Live highlights were opening for Pearl Jam and Oasis and joining Candlebox on a two-month U.S. tour.

"Those (Candlebox) guys were very kind to us. That was a fairly grueling tour in terms of their audience is pretty macho, so there were some struggles there, for me. You had audiences that were just aggro, angry, unfriendly in certain places," she recalled.

At one club in Dallas, Akre -- who was sporting a slip and combat boots -- encountered three belligerent, name-calling guys at the front of the stage. She said it was a harsh, scary and bizarre experience of "blind ignorant rage," but there were also Goodness fans in the room who apologized for the trio's actions.

She remembers thinking: 'If every show's gonna be like that, that's not what I signed up for. I'm not gonna win any feminist battles out here in the macho row.'"

"That night actually turned out amazing," Akre continued ... when Candlebox singer Kevin Martin turned the tables on the hate-filled trio at the start of his band's set.

Martin scolded them for their treatment of Akre, who came out and sang with him on one song. Even though she knew it was immature, she came on stage, flipped the guys off and tossed out a sneering "fuck you!"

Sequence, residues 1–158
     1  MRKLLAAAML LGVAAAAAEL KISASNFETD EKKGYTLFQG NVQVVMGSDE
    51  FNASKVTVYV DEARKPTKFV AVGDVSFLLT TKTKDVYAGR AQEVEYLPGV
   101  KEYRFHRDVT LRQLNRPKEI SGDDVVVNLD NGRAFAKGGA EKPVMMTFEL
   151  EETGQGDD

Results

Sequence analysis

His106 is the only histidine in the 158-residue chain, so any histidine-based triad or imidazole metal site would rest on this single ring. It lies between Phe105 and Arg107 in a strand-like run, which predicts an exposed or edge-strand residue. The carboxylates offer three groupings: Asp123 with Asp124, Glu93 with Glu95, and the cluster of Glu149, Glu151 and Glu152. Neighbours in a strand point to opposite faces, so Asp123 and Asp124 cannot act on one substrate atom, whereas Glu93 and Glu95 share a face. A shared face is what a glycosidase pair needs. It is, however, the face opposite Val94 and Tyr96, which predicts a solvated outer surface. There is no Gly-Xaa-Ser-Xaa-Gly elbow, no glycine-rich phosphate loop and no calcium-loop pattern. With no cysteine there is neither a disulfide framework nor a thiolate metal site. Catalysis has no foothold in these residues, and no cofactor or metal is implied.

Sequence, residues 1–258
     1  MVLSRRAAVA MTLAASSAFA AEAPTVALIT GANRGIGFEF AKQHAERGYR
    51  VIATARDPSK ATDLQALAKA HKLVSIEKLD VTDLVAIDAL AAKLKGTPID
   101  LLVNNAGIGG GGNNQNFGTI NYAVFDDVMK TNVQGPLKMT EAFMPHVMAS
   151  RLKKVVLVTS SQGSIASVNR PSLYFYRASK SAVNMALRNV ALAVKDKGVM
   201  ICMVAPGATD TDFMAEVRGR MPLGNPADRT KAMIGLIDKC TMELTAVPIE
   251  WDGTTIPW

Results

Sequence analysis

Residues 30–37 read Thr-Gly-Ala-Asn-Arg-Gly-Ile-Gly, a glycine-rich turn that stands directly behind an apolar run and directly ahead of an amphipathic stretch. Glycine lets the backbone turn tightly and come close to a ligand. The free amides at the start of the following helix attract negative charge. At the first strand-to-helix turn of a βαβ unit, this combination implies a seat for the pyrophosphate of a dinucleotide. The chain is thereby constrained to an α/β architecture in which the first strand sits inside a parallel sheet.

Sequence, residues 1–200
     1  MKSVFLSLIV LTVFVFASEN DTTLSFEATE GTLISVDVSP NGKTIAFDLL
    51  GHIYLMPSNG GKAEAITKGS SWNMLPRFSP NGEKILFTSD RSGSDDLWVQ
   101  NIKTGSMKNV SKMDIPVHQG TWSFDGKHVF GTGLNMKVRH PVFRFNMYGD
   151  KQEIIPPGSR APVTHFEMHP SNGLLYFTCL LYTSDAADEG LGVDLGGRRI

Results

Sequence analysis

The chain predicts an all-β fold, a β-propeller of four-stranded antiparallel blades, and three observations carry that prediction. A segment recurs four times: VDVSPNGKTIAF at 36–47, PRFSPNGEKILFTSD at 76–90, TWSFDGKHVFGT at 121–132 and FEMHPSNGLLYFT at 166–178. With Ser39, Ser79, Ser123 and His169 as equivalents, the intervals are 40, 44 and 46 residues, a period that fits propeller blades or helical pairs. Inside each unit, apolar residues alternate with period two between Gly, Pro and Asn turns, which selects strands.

Akre said she was glad to face her foes again that night.

"I feel like it was extremely cathartic. And that's the thing about being in music, too, is you kind of gotta love a little bit of that crazy and conquering. You gotta love it as your experience and your war stories. You gotta put it somewhere in your heart," she said.


Akre, who has been living in Minneapolis with her husband, Martin Lund, and son for about three years, still sings, writes songs on acoustic guitar and has performed a few solo shows in cafes around town.

"This year, I've really come to an epiphany of it's time to recommit to doing music, and so this will be the year that I try and write more and record  -- cross your fingers," Akre said, noting that she hopes to build a live band with her bassist husband and others in Minneapolis, where she landed a project manager job. They've grown to love the area's culture and landscape, which is similar to Seattle... but much colder.

Akre's still connected musically to Seattle, as well, with The Rockfords (featuring Mike McCready of Pearl Jam) and Esther Kang, which also includes Lund and Emerald City residents Eric Akre and Daniel G. Harmann.

So Akre -- who has three solo albums under her belt -- has guitar and vocals covered, Lund's the bass man ... what about their son?

In between laughs, Akre said when she plays around her son, he often interrupts her by touching the guitar.

When she sings around the house, he's like, "'Shhh, Mamma,' because you know, cuz it's really about him," she said. "But I'll find him singing, as well, and I really love that."